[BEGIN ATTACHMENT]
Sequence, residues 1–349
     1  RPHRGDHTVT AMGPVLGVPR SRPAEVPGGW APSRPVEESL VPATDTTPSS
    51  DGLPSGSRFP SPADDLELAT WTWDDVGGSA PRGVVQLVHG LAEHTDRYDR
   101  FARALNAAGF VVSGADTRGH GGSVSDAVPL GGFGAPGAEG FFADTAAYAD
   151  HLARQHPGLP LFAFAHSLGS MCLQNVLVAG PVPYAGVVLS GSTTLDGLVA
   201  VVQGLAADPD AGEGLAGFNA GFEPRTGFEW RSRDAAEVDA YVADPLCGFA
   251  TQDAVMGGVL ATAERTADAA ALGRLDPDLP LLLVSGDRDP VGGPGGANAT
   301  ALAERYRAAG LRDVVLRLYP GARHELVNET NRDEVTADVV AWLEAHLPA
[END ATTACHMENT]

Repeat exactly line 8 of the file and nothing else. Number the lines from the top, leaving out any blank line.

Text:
   301  ALAERYRAAG LRDVVLRLYP GARHELVNET NRDEVTADVV AWLEAHLPA